Dealing with Home Remodeling Contractors

Remodeling contractor

For the big remodeling jobs it is best to get the opinion of several home remodeling contractors. With their experience in many types of home renovation they will bring in designs and material types to show you what can be done.

Remodeling contractors perform many functions that single trades like carpenters cannot do. They are the generals of the project, overseeing every part of it until completion. This includes hiring the subtrades, getting the proper permits and supervising the onsite operation. Many people try to do this themselves but end up mired in problems that no one trade can fix. Here is the order in which a renovation contractor will complete the job.

Meeting With the Homeowner

Working up an estimate takes hours of work and so remodeling contractors will meet with the homeowners to see of they are the right company for the project. For example, A homeowner may want a “bathroom remodel” and what they really want done is the sink and toilet replaced. Well this is a job for a handyman. Conversely, another homeowner may actually want a new shower/tub put in the bathroom and what they really need is a carpenter for the installation and a plumber for the pipe work. So it is important for remodeling contractors to size up the job before spending the time on an estimate.

The Estimate

Because many projects are based on timing remodeling contractors almost have to think in three-dimensional terms. For example, if the homeowner needs a brand new kitchen done within a certain timeframe like “before Christmas,” and it's already October 1st, the renovation contractor will have to make sure that he or she can get schedule the work force to fit within this parameter. If the plumber and electrician are really busy they may charge more for their services because, in some cases, they might have to pay their workers overtime. This will add to the estimate. In addition, materials play a large part in the pricing. For example, in the 1990's each hurricane that ravaged Florida drove the price up plywood and framing studs in Canada considerably.

As the contractor is the supervisor he or she may not actually participate in the work but tacks on a commission for putting the project together. In other word if the bathroom remodel comes to $10,000 he or she may add on $1,500, or 15%, to see that the entire project is complete. When you consider a homeowner's time and lack of expertise in putting the project together a 15% add-on is is a bargain. However, in most cases this will be included in the total price.

The Contract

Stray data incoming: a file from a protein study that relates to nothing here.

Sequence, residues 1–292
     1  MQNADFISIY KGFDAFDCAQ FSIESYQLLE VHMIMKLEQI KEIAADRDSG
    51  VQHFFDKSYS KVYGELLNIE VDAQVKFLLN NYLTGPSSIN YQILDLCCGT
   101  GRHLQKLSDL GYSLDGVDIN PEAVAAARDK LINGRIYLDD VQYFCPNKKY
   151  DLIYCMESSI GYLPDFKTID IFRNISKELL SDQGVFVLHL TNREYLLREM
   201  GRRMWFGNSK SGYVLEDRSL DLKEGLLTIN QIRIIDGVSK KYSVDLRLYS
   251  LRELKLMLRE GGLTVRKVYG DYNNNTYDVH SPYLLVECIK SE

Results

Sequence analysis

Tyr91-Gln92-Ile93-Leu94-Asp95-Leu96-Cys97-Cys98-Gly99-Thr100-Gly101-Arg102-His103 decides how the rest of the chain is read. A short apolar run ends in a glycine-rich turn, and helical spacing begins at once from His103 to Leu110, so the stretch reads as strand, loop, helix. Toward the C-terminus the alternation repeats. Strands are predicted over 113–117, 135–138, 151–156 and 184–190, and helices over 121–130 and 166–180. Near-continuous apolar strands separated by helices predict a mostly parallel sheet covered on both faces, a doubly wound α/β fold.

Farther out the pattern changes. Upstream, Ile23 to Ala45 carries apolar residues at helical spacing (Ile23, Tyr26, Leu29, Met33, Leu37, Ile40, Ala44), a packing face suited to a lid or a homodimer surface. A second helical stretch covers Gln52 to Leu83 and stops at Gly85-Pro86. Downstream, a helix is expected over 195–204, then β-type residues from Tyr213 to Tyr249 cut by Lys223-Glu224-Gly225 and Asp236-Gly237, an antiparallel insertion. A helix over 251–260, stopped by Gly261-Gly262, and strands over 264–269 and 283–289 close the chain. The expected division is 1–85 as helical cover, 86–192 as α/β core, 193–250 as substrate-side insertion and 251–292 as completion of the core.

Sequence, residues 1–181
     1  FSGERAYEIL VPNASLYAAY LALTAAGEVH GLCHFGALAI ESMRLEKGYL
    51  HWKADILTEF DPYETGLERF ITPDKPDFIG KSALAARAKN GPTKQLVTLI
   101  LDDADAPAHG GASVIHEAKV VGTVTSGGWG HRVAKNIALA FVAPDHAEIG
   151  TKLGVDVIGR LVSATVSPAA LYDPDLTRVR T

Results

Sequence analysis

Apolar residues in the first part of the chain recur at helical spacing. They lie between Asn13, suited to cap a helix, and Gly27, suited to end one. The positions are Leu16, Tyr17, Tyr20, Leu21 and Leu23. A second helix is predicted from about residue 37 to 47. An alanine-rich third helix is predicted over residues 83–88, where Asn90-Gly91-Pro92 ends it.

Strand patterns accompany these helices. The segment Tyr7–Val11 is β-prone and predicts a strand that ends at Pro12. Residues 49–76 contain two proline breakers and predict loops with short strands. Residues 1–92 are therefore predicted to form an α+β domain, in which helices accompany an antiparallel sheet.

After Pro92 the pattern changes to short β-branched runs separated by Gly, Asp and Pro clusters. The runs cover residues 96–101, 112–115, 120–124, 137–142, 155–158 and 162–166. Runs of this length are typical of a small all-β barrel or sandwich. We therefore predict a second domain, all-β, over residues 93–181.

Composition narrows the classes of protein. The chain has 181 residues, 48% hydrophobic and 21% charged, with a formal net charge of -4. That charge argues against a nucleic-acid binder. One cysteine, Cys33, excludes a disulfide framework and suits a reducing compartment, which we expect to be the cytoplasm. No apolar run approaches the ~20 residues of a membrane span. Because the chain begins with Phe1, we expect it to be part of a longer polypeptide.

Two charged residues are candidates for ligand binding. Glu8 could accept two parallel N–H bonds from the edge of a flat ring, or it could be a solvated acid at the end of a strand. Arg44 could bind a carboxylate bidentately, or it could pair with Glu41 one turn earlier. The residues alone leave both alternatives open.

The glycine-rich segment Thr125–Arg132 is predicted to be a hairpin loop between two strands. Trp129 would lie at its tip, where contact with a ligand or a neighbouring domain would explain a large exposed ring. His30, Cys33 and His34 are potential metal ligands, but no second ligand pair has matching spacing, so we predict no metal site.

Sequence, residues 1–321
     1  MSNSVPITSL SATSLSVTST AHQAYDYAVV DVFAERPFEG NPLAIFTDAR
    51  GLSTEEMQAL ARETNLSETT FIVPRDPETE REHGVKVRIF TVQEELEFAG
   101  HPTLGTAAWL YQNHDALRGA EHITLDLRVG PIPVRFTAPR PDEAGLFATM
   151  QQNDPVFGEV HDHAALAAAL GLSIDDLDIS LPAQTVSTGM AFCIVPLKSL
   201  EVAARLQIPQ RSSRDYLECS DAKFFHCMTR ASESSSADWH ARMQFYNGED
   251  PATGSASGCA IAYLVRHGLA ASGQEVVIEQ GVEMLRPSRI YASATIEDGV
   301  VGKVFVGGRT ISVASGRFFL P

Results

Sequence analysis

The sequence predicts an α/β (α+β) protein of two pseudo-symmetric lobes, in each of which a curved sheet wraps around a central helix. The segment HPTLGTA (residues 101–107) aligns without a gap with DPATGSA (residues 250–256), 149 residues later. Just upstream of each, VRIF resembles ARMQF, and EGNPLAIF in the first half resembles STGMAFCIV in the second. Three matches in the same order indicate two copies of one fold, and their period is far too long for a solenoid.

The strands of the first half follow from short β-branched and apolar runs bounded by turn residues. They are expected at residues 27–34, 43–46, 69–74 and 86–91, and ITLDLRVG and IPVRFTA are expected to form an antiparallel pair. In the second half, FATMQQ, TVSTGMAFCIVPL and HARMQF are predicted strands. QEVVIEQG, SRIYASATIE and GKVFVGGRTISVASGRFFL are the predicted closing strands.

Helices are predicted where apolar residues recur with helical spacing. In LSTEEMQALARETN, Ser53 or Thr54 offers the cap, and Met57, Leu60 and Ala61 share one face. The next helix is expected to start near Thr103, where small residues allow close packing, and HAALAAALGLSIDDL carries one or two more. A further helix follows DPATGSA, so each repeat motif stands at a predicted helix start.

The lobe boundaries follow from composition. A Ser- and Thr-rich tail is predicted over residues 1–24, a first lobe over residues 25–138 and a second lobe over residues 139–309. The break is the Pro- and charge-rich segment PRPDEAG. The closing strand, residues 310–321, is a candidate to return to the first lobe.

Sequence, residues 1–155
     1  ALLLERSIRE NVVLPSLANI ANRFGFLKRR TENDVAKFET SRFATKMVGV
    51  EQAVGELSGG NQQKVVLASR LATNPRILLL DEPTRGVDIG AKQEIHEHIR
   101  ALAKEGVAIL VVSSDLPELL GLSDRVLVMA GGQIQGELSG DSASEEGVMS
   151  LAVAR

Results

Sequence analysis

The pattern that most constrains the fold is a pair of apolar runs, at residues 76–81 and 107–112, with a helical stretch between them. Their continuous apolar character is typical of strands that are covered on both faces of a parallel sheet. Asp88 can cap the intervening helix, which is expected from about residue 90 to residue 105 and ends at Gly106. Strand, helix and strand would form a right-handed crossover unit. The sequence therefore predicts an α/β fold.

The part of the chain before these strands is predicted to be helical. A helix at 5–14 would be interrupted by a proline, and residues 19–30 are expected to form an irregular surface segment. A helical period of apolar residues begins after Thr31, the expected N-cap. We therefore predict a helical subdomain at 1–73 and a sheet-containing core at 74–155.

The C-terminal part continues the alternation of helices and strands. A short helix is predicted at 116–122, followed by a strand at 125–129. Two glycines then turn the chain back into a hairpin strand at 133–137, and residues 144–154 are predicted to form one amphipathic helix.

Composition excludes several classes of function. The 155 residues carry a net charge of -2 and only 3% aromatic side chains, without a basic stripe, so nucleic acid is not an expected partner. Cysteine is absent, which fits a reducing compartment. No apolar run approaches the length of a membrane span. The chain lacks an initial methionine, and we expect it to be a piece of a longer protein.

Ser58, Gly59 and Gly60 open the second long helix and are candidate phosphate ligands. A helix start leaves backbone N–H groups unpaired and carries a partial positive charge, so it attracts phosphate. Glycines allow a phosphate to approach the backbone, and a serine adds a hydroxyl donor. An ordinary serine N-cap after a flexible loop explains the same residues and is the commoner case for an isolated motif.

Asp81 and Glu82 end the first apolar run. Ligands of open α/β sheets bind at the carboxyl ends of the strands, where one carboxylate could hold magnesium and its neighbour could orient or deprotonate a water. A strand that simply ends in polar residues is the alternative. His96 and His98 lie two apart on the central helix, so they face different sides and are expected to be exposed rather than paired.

Contracts are absolutely essential in business and entering into an agreement with remodeling contractors is no different. Not only is a written contract a binding legal agreement with your contractor it details both the rights and responsibilities to ensure the parameters of project. The contract also safeguards the homeowner from financial or personal loss for bad workmanship or on-site injury during the project. The adage, “Good fences make good neighbours” applies to contracts as well as it provides a framework for a good working relationship. When everything is spelled out there is little chance of confusion between parties.

Foundations of a Good Contract

      1. Names, addresses and detailed contact information

      2. Contract Documents: This includes the contract, plans, specifications and any other documents pertinent to the project.

      3. Description of Work: This explains the entire job. It also includes: what the job entails: what it doesn't; permit information; subtrade information; and materials acquisition.

      4. Timing: In this section the start and end dates are itemized, along with penalties for being late, if any.

      5. Terms of Payment: This will include the full price of the project and how it will be paid.

      6. Payment Plan: Not all jobs are “turn-key,” which means the full amount gets paid at the end of the project. In most large projects there is a deposit and draws of money along the way. This may include a 10% holdback to make sure the renovation contractors return to finish any uncompleted work.

      7. Changes: A change in an agreement may change the scheduling and cost. This includes additions and upgrading to better materials.

      8. Utilities and Washroom Facilities: Will remodeling contractors bring in portable toilets or can the workers use bathrooms in the homes? Will the homeowner supply electricity? These are some of the questions that need to be addressed.

      9. Standards of Work: Here remodeling contractors guarantee good workmanship and this can be itemized.

      10. Warranty: Every contractor should give a warranty to fix defects caused by workmanship. Material defects may have to be adjusted by the manufacturer.

      11. Insurance: Usually the contractor will have to have a $1,000,000 bond against claims for damage or personal injury and show proof that his or her own workers are covered against personal injury on the job.

    These are the main clauses for a successful contract. However, both parties can add whatever addendums they want.

    For more information on remodeling contractors consult our Contractor Directory or simply post your project online at and one or more will contract you.

    Posted by: TrustedPros
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